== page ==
Summer might not be here yet, but ice cream season has officially arrived. Ben & Jerry's is rolling out an ice cream burrito on 4/20. Boutique ice cream companies like Jeni's, Ample Hills and Snoqualmie Ice Cream are ramping up production of new and seasonal flavors. And one of New York's favorite ice cream shops is about to come out with an epic cookbook.
From the fantastical minds of Bryan Petroff and Douglas Quint comes Big Gay Ice Cream's "Saucy Stories & Frozen Treats: Going All the Way with Ice Cream."
Big Gay Ice Cream started as a truck in 2009, and today boasts two New York City locations and stores opening soon in L.A. and Philadelphia. Hitting the nail on the head, the Village Voice called Big Gay Ice Cream "a cross between Mister Softee and Mario Batali." With its iconic unicorns adorning store walls and favorite flavors like the best-selling Salty Pimp Sundae, Big Gay Ice Cream has become nothing short of a New York City institution. And we haven't even mentioned seasonal specialities like the Thin Mint milkshake yet.
"Saucy Stories & Frozen Treats," the brand's first cookbook, comes out April 28. Organized like a high school yearbook, the book embodies Big Gay Ice Cream's playful personality. "Freshman Year" is Ice Cream 101; "Sophomore Year" focuses on toppings and sauces; "Junior Year" focuses on sundaes, floats and shakes; and "Senior Year" is all about sorbets and ice creams.
Anthony Bourdain wrote the intro, which playfully pokes fun at Petroff and Quint and concludes that anyone approaching the pair about contributing to their book should turn away: "The project is clearly doomed." (Ice cream entrepreneurs could certainly do worse than Bourdain writing an ironic introduction to their very first book.)
Big Gay Ice Cream's success has always relied on its sense of humor and its innovative flavors. The book delivers both, offering an entertaining read and a collection of some of the stellar recipes that made the store famous. You can now try recipes at home like the Mermaid Sundae, made with key lime curd and graham cracker crust, and Awesomesauce, a spicy chocolate topping. The best part of the book -- and the brand as a whole -- is that it's approachable. The sundaes and shakes may sound intimidating, but they're actually quite straightforward.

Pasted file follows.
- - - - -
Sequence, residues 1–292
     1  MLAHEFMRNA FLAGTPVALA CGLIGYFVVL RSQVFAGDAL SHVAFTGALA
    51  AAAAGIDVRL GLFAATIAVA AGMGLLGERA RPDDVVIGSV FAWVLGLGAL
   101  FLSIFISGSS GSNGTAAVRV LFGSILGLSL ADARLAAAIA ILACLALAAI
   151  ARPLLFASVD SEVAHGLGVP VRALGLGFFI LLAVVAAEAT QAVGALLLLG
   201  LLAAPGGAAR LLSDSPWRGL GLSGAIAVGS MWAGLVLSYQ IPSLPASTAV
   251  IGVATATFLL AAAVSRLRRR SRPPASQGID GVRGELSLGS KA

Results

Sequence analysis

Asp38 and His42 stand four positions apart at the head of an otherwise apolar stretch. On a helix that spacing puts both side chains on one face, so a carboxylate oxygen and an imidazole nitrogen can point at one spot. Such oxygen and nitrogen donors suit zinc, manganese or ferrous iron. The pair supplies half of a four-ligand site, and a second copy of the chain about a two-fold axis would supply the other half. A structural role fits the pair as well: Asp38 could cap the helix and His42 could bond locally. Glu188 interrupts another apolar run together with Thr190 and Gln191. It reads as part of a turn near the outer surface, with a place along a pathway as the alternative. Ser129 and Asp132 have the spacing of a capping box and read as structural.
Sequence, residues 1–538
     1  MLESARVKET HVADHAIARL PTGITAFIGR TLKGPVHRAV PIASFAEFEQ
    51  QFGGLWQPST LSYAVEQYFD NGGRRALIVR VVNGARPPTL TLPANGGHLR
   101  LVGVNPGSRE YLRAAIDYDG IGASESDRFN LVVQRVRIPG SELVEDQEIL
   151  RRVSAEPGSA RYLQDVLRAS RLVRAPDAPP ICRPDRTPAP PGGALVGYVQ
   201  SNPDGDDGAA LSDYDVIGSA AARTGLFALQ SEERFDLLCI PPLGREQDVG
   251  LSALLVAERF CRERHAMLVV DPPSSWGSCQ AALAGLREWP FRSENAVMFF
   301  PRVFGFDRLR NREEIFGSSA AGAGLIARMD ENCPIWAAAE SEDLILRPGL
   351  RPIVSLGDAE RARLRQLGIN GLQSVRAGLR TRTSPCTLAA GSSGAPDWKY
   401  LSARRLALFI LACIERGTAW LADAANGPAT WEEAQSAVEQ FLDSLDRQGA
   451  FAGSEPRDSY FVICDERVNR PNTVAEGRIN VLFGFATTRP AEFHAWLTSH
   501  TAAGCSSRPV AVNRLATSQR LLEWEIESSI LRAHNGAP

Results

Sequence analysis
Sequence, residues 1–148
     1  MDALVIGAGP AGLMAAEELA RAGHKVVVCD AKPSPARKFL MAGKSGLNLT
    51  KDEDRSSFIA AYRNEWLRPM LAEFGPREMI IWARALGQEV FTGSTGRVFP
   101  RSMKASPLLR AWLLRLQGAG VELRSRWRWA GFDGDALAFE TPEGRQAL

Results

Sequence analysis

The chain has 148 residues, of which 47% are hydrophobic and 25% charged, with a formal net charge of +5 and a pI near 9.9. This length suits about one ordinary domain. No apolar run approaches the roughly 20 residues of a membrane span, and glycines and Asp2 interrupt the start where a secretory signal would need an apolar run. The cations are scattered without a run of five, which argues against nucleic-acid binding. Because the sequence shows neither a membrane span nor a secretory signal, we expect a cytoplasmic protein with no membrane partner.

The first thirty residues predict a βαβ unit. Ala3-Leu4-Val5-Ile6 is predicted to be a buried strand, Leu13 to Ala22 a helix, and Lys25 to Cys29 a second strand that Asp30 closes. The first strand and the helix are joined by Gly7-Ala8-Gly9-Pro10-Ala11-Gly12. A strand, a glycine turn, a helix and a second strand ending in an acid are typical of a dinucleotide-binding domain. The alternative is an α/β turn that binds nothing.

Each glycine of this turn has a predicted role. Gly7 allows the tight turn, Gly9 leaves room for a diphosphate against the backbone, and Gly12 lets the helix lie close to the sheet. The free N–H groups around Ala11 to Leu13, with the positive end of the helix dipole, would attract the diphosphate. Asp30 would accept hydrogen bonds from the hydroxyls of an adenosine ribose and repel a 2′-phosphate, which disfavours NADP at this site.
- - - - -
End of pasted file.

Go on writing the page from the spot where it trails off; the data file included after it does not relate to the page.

Take the Ginger-Curry Shake, for example. It has four ingredients and basically two steps. Oh, and you can add booze, too. Here's the recipe, courtesy of Big Gay Ice Cream.
The Ginger-Curry Shake was the first specialty shake of our own devising to find a regular spot on the menu. We’d been using The Ginger People’s ginger syrup as an ice cream topping, encouraging people to give it a sprinkling of curry powder as a complement. Kyle, one of our regular customers, asked if we’d consider making that as a shake. With him as our guinea pig, we set about getting it right. Curry powder is a blend of spices, so you never know exactly what you may get until trying the end result. Start with the amount listed below and go from there.
Makes two thick 8-ounce shakes
Add the milk, ginger syrup, and curry powder to a blender, cover, and quickly pulse the blender to combine. Add the ice cream, cover, and blend on a medium setting until you see a whirlpool form -- that’s when you know it’s done. Pour or spoon the shake into two tall glasses. Top with any garnish you’d like -- candied lime rind, whipped cream, a drizzle of more ginger syrup, it’s all good. Serve with straws and spoons. Chock dii!
HICCUP ALERT: We’ve liquored up this shake to good results. Reduce the amount of milk to 1/2 cup and use 1/4 cup well-chilled rum or coconut-flavored alcohol. New York City food personality Eddie Huang showed up one night with a bottle of coconut-infused vodka, and we used some in this shake. From what we remember (that night has grown hazy over time), it tasted excellent! We always keep our liquor bottles in the freezer, and we assume you do the same.
For more, get your hands on the new book. Summer just got a lot more fun.
Reprinted from Big Gay Ice Cream. Copyright © 2015 by Bryan Petroff and Douglas Quint. Photographs copyright © 2015 by Donny Tsang. Published by Clarkson Potter, an imprint of Penguin Random House, LLC.